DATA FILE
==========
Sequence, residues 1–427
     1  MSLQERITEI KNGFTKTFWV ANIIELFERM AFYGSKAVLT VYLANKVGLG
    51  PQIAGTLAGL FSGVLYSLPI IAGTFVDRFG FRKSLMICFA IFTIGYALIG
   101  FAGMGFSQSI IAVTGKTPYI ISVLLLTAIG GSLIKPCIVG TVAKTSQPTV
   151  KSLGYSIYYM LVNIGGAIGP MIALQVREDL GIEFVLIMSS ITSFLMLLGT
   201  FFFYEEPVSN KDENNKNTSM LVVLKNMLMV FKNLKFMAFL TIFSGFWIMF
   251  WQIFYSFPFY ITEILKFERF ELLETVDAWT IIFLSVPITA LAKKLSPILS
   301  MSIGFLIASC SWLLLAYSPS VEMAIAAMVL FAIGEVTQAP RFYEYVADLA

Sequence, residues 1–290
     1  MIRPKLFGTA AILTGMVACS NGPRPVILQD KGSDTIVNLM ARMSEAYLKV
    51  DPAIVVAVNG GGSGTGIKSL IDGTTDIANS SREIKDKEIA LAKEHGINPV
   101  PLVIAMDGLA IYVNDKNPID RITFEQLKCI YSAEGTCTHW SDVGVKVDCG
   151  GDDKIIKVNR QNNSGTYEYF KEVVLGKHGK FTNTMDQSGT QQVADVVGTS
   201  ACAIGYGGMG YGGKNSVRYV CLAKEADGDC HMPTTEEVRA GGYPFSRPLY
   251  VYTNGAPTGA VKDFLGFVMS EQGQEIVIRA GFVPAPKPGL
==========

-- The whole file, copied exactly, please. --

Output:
Sequence, residues 1–427
     1  MSLQERITEI KNGFTKTFWV ANIIELFERM AFYGSKAVLT VYLANKVGLG
    51  PQIAGTLAGL FSGVLYSLPI IAGTFVDRFG FRKSLMICFA IFTIGYALIG
   101  FAGMGFSQSI IAVTGKTPYI ISVLLLTAIG GSLIKPCIVG TVAKTSQPTV
   151  KSLGYSIYYM LVNIGGAIGP MIALQVREDL GIEFVLIMSS ITSFLMLLGT
   201  FFFYEEPVSN KDENNKNTSM LVVLKNMLMV FKNLKFMAFL TIFSGFWIMF
   251  WQIFYSFPFY ITEILKFERF ELLETVDAWT IIFLSVPITA LAKKLSPILS
   301  MSIGFLIASC SWLLLAYSPS VEMAIAAMVL FAIGEVTQAP RFYEYVADLA

Sequence, residues 1–290
     1  MIRPKLFGTA AILTGMVACS NGPRPVILQD KGSDTIVNLM ARMSEAYLKV
    51  DPAIVVAVNG GGSGTGIKSL IDGTTDIANS SREIKDKEIA LAKEHGINPV
   101  PLVIAMDGLA IYVNDKNPID RITFEQLKCI YSAEGTCTHW SDVGVKVDCG
   151  GDDKIIKVNR QNNSGTYEYF KEVVLGKHGK FTNTMDQSGT QQVADVVGTS
   201  ACAIGYGGMG YGGKNSVRYV CLAKEADGDC HMPTTEEVRA GGYPFSRPLY
   251  VYTNGAPTGA VKDFLGFVMS EQGQEIVIRA GFVPAPKPGL